Trillium Book Awards Author Reading 2015

Ten Questions with Curtis Parkinson: "in that half zone between waking and sleeping."

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Ten Questions with Curtis Parkinson: "in that half zone between waking and sleeping."

Award-winning Tundra author, Curtis Parkinson, talks about his sequel to Death in Kingsport.

OBT:

Tell us about your brand new book, The Castle on Deadman’s Island.

CP:

When the owner of the coveted castle on Deadman’s Island dies, his bizarre will leaves it to three of his friends who hate each other. Graham becomes involved when his aunt, one of the new owners of the castle, disappears.

Has his aunt gone on a trip, as some insist, or has there been foul play? With a sense of foreboding, the three teens make their way down the river to investigate. They uncover dark schemes, but not before the curse of the castle strikes again.

OBT:

Did you have a specific readership in mind when you wrote your book?

CP:

Not particularly. Teens, of course, for that’s the age I was when I spent my summers on a similar island in the St. Lawrence, but not limited to any specific age. Uppermost in my mind when I begin a new book are the characters, the setting and the opening scene. I look for a setting that interests me, like the castle, an opening scene that leads into the story, and characters that grab me.

Graham’s character, for instance, in The Castle on Deadman’s Island, is based on a boy I knew back then. A bit of an oddball, Graham is very bright and has a vocabulary that may be challenging for some. However most teens, I find, like to be challenged.

One thing I never do is “write down.” Whether it’s a picture book, a Y/A novel, or an adult novel, it’s important to respect the intelligence of the reader.

OBT:

Which books made a great impression on you when you were a child?

CP:

The Tale of Peter Rabbit by Beatrix Potter and The Adventures of Reddy the Fox by Thornton Burgess. Read by a sweet-voiced librarian at the Kingston library on Saturday mornings, these stories have stayed with me through the years. Later on, when I read to my own children, I also came to love The Wind in the Willows by Kenneth Graham and The House at Pooh Corner by A.A. Milne.

The one thing all these books have in common, I realize now, is great characters – from Toad, Badger, and Mole to Eyore, Kanga and Tigger.

OBT:

Describe your ideal writing environment.

CP:

A room that is quiet and bright with a view of trees and sky and water, and a cat purring on my lap. Of course this is an ideal. Fortunately, what I have comes close enough to this to keep my muse happy.

I also do a lot of scribbling when I’m traveling. That’s when you can observe people in groups and how they act and react to each other.

My best plot ideas are often developed, surprisingly, when I’m in still bed in the early morning, in that half zone between waking and sleeping.

OBT:

What was your first publication?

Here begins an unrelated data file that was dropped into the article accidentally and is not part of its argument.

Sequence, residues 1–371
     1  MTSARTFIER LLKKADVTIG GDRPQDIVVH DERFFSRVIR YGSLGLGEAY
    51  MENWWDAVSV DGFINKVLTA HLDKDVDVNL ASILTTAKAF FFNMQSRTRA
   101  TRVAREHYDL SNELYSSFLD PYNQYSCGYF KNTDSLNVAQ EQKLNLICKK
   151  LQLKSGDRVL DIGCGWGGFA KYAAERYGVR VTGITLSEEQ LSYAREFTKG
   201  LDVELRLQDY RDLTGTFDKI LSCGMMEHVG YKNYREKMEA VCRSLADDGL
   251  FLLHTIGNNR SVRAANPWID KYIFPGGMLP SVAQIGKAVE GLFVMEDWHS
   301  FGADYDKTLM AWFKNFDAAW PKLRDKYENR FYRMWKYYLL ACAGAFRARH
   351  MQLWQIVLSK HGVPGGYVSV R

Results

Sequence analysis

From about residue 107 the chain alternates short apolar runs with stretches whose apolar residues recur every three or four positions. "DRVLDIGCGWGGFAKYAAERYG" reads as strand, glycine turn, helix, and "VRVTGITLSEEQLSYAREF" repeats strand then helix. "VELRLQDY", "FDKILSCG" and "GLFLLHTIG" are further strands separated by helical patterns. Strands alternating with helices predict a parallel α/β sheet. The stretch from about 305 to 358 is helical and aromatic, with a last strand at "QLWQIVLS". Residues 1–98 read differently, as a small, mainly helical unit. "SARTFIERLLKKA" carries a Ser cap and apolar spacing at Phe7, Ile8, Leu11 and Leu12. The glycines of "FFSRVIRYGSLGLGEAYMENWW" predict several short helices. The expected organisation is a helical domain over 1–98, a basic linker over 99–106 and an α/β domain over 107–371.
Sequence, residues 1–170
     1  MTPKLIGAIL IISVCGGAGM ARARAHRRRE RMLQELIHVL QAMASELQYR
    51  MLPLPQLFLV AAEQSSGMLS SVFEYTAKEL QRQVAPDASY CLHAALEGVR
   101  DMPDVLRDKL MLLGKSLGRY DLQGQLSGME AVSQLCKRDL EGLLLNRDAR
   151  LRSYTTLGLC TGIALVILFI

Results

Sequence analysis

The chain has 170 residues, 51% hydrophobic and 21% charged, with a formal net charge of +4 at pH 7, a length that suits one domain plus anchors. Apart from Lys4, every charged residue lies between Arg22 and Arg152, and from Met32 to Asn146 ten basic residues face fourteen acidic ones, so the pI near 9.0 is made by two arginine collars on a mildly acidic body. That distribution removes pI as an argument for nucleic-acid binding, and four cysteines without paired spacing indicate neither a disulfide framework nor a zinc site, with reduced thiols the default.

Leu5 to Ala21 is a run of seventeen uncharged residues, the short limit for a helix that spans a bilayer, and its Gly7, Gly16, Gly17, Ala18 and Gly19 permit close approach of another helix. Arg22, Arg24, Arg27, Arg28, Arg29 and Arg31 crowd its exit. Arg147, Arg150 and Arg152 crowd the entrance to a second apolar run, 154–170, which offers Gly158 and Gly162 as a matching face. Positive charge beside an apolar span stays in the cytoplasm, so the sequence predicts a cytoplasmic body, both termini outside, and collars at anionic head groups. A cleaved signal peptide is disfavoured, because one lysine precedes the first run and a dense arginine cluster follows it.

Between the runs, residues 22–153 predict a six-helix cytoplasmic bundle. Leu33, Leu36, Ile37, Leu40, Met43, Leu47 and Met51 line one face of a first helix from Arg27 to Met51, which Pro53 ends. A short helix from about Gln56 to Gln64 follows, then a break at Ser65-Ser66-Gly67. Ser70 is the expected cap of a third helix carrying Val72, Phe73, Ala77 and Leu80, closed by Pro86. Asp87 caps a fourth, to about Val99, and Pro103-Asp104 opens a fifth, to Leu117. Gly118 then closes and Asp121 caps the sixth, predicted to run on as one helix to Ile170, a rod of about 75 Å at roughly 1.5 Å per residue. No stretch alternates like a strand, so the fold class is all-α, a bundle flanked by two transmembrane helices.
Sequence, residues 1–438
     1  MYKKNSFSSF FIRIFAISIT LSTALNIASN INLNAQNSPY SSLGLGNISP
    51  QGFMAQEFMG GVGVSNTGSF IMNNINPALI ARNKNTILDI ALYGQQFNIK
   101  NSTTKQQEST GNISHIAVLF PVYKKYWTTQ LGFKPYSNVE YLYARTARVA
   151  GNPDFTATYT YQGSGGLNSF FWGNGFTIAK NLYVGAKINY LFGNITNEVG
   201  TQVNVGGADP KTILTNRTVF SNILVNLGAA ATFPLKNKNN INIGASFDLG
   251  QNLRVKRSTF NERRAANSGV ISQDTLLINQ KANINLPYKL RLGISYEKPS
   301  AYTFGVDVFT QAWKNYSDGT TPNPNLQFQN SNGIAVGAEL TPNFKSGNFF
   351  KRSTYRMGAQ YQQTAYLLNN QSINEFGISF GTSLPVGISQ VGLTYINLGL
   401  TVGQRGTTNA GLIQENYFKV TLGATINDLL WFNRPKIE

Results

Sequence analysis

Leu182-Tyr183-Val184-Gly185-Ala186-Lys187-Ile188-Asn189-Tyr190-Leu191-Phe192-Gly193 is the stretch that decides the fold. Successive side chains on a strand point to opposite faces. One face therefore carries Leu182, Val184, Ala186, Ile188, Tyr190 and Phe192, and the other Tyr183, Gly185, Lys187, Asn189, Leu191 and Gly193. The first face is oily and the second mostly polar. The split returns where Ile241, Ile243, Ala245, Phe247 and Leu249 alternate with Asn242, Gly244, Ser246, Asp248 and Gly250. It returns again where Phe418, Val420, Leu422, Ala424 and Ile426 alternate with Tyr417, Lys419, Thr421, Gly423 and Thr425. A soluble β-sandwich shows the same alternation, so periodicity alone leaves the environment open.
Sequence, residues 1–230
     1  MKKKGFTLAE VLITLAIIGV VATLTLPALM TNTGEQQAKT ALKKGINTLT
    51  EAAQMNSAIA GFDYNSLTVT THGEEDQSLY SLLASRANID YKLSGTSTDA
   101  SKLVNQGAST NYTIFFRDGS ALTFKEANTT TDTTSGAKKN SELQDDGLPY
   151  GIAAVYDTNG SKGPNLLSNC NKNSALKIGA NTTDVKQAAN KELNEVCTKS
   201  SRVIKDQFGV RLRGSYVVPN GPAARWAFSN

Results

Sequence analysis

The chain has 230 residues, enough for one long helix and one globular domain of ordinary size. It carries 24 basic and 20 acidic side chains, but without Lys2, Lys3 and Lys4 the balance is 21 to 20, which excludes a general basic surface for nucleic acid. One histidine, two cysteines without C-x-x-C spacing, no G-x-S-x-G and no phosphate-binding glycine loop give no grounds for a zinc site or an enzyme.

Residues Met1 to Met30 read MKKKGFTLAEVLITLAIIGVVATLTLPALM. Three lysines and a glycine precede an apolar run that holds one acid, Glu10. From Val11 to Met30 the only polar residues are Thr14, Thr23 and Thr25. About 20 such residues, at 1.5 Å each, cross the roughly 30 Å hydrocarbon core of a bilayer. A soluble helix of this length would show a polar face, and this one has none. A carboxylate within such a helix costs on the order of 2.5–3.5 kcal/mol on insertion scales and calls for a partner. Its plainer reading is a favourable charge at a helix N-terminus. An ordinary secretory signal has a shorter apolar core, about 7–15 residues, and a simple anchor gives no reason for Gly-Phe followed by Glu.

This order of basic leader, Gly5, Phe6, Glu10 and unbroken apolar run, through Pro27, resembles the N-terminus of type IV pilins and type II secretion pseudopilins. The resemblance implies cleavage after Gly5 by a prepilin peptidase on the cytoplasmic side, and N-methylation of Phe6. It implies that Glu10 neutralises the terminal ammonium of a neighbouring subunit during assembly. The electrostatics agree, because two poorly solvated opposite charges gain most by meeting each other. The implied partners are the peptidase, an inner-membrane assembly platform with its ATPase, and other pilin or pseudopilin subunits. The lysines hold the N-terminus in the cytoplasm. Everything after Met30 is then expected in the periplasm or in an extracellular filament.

CP:

Tom Foolery, a picture book. All I’d been getting was rejection letters until our cat fell off the boat one night. The cat’s story was different enough to attract a publisher’s attention – which makes the point that a writer, particularly a beginning writer, has to have something special about his story that distinguishes it from the dozens of others in the pile of manuscripts on the editor’s desk awaiting attention.

OBT:

What are you reading right now?

CP:

I usually have 2 or 3 books by my bedside table. Right now they are:
The Uncommon Reader by Alan Bennett, On Beauty by Zadie Smith and Ghost by Alan Lightman.

OBT:

If you had to choose three books as a “Welcome to Canada” gift, what would those books be?

CP:

The Man Who Made Us, by Richard Gwyn
The Dog Who Wouldn’t Be, by Farley Mowat
First Times: Stories selected by Marthe Jocelyn

OBT:

What’s the best advice you’ve ever received as a writer?

CP:

Don’t take rejections personally. The editor may be having a bad day, or is simply not looking for your type of story. If you believe in your work, send it out again.

And . . .
Rewrite, rewrite, rewrite.

OBT:

Describe the most memorable response you’ve received from a reader.

CP:

It is always gratifying for an author to hear that his lengthy (and necessarily lonely) efforts to get it all down on paper have resonated with someone. My most memorable response was from a reader in Sydney, Australia, whose letter read in part:
“. . .I have just finished reading your wonderful book, Domenic’s War. The story holds a significant and sentimental meaning to me, as my father lived through the very same battle of Monte Cassino that you describe in your book. My father, Angelo, is now 78 years old . . .”

OBT:

What is your next project?

CP:

It’s a sequel to The Castle on Deadman’s Island. Graham and Neil find summer jobs as deckhands on the Rapids Prince, a small steamer which takes tourists on a thrilling ride through the Lachine Rapids to Montreal (this is in the 1940’s before the St. Lawrence Seaway drowned the rapids).

But, while the boat is docked on the Montreal waterfront discharging passengers, Graham happens to be in the wrong place at the wrong time. He is grabbed by an Al-Capone-like gangster on the run and taken as a hostage. The story is still developing and I can hardly wait to discover what happens as Neil and Crescent frantically look for him.

For more information about Curtis Parkinson’s The Castle on Deadman’s Island, visit the Tundra Books website at www.tundrabooks.com.

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